Inside Merle Haggard’s Final Years
One evening around sunset, Merle Haggard was leaning against his silver tour bus, the Santa Fe Super Chief, before a show at the Crazy Horse Saloon on the dusty fringes of Orange County, California. He stared off grimly at the brown, rolling hills that looked as if they might stretch all the way to the coastline, but which Merle pointed out had been carved into housing subdivisions and a massive energy plant just over the ridge. “Ain’t nothin’ pure left in this country,” he said. It was the first thing Merle ever said to me.
It was 2004, and Merle was 66. He looked tired, shrunken. His blue jeans hung too low, and his face was lined with creases, etched in deep ravines across his forehead and in spiderweb patterns through his cheeks. He said he had a stomachache, and he climbed onto his bus to look for a clove of garlic. “If the garlic doesn’t work for you,” he said, “you better go to the hospital.”
Though he’d recently released two of his finest late-career albums, If I Could Only Fly and Roots, Volume 1, which helped re-connect Haggard to a young audience, he said he felt marginalized, out of step. He said his body hurt, from his neck all the way to his right foot, probably from playing the fiddle. He sat in a beige velour chair that served as his tour-bus throne, and smoked weed from a curved wooden pipe as he roamed freely among many topics: the dangers of caffeine (“Far worse than cocaine, look it up, it’s proven!”), extraterrestrials (“We ain’t the smartest bear in the woods, anyone with a brain can see that”), and what he considered the terrible decline of our country. “Used to be a wide-open place,” he said. “A 24/7 country. You could fly from Bakersfield to Memphis, and the whole country would be lit up. Now, it’s dark. No one comes out of their house. Everyone’s scared. What happened?”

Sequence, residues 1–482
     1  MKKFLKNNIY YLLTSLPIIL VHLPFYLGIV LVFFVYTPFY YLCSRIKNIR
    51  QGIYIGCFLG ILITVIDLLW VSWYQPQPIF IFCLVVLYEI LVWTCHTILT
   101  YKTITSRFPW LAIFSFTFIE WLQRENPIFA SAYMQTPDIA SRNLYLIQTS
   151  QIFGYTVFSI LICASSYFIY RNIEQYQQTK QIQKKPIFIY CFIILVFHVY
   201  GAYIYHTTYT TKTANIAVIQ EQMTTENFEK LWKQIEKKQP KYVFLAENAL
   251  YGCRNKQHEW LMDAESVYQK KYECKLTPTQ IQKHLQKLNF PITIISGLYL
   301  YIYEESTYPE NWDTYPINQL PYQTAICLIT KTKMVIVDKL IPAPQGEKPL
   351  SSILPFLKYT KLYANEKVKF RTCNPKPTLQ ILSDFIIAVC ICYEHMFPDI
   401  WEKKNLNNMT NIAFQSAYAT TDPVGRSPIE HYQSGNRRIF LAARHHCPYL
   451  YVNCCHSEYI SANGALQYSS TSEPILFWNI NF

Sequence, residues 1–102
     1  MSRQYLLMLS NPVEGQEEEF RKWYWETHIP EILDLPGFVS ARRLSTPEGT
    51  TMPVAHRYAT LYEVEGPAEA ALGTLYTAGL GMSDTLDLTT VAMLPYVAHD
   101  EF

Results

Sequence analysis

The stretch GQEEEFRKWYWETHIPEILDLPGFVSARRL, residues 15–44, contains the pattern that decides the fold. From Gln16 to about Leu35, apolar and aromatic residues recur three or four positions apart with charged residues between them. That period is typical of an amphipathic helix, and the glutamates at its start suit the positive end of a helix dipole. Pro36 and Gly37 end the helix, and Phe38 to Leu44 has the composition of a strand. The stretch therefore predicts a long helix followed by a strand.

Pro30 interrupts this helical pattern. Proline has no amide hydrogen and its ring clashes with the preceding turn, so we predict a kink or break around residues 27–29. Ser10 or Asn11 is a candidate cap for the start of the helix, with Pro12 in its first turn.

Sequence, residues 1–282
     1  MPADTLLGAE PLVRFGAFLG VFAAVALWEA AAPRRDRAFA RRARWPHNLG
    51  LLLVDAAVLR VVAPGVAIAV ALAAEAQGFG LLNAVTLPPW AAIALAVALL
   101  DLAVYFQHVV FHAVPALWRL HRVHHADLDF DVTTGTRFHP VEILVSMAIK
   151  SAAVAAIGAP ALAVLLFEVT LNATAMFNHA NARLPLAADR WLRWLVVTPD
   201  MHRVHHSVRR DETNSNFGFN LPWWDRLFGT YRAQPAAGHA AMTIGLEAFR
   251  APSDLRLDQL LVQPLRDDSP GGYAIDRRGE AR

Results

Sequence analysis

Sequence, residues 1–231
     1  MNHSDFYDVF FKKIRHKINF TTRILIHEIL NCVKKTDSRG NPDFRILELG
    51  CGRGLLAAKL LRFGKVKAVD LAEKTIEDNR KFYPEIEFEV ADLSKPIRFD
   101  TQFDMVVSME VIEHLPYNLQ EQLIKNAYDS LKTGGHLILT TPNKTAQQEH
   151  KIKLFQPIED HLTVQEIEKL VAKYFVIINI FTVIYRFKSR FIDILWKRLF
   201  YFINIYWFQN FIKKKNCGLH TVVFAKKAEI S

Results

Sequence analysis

A club waitress boarded the bus and told Haggard that the Crazy Horse itself would be closing down soon. “Well, hell,” Merle said with a grimace. “Looks like we’ve closed another beer joint.”
Then he added, more sadly, “I feel like it’s about time for me to head to the barn.”
Merle never headed for the barn. Even when he made rumblings about retiring, his actions pointed in the opposite direction – right up to the end. In 2010, two years after being diagnosed with lung cancer, he built an elaborate studio on his ranch, with pristine acoustics and top-end analog equipment, where he recorded two of his final albums and planned to host concerts he would broadcast on the Internet. Shortly before he died, Merle put three new tour buses into service, including a $1 million custom model built to his own meticulous specifications. He also planned to turn an old bus into a rolling diner.
As I got to spend time with Merle at home and on tour during his last decade, I grew accustomed to his unpredictable rhythms. He could be pensive, paranoid and full of mischievous fun – often before he’d finished his pancakes. His mind was always spinning – testing theories, asking questions, checking facts. He was not a fan of what he called “established thinking”; one idea did not build on the last to form a linear worldview. He only seemed concerned with the truth as he saw it at any particular moment. He was a truth-seeker, not a truth-teller.